Feeding the monster
Astronomers using the European Southern Observatory's (ESO) Very Large Telescope have released images showing in unprecedented detail how matter spirals toward the black hole at the centre of a galaxy, in this case NGC 1097.

Joint press release by the DFG and the MPG: Strengthening potential, creating independence
To foster innovation, it has to become easier to conduct research and gain new insights and to turn the findings into new jobs.

ASU grant to explore DNA based computing
Arizona State University School of Life Sciences professor Wayne Frasch was recently awarded a $1.2 million grant from the Defense Advanced Research Projects Agency and the US Air Force Office of Science Research to fund a 2-year project linking DNA technology with computer science.

NIH funds nine Science Education Partnership Awards
Whether they are learning why cardiovascular disease is more likely to strike African Americans, discovering how Lyme disease is transmitted, or studying aquatic organisms, students across the country are being encouraged to immerse themselves in science, as part of a National Institutes of Health (NIH) program to increase science literacy and encourage research careers.

It whistles; change in pitch tells all in this new sonic gas analyzer
Penn State researchers have developed a prototype sonic gas analyzer that automatically and continuously tracks the concentration of a gas in an air/gas mixture based on changes in pitch.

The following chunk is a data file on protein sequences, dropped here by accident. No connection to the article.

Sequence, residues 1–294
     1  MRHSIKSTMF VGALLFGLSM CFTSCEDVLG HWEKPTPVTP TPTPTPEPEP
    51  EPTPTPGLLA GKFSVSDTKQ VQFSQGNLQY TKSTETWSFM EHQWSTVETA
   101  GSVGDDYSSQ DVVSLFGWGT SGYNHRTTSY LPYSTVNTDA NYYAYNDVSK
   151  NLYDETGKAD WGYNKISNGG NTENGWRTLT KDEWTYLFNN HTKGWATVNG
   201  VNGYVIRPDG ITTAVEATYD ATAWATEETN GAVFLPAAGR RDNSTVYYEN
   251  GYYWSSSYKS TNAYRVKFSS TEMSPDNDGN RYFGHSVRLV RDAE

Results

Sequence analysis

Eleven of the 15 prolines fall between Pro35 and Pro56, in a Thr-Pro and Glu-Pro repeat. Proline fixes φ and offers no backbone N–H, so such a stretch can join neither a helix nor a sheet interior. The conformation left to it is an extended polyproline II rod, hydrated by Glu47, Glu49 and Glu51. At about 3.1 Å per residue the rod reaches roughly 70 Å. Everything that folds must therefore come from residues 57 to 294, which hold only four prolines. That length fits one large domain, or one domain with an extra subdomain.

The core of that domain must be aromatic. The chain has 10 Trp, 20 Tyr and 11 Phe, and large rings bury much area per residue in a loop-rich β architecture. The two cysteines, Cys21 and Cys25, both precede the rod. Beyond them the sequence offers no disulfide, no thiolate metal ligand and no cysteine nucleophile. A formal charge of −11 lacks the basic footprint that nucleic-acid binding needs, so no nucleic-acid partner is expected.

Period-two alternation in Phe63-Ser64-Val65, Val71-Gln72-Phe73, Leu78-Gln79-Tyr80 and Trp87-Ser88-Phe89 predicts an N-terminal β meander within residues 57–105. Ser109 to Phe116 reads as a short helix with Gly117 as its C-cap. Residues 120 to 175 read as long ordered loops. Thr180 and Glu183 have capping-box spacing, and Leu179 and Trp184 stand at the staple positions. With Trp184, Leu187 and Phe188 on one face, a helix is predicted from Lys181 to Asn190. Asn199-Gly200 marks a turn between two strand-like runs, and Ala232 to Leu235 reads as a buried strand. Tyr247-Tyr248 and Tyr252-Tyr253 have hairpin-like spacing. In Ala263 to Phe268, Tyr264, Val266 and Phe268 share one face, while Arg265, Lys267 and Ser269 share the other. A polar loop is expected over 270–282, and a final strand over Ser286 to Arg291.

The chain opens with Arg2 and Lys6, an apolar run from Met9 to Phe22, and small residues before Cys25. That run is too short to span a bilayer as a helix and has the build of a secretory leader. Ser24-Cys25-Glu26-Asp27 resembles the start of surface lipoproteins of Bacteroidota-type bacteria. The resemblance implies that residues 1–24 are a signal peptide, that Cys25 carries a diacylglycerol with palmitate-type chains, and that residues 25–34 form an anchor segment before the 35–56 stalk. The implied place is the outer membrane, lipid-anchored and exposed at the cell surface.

Academy meeting examines responsibility of scientists in age of nuclear weapons & global security
The New York Academy of Sciences and the Bulletin of the Atomic Scientists, Columbia University, are co-sponsoring an event,

Who people live with, not where, gives different picture of immigrants in US
Immigrants are more dispersed and far more entwined with American-born people when measured by the households in which they live rather than counted individually on the traditional basis of census tract.

Side-effects cause some breast cancer patients to skip hormone treatment
Hot flushes from hormone treatments for breast cancer cause nearly 1 in 10 patients to deliberately take

Genetic cause of speech defect discovered
Researchers at the University of Toronto (U of T), Capital Health's Stollery Children's Hospital in Edmonton, Toronto's Hospital for Sick Children and their international collaborators have discovered a genetic abnormality that causes a type of language impairment in children - a discovery that could lead to isolating genes important for the development of expressive language.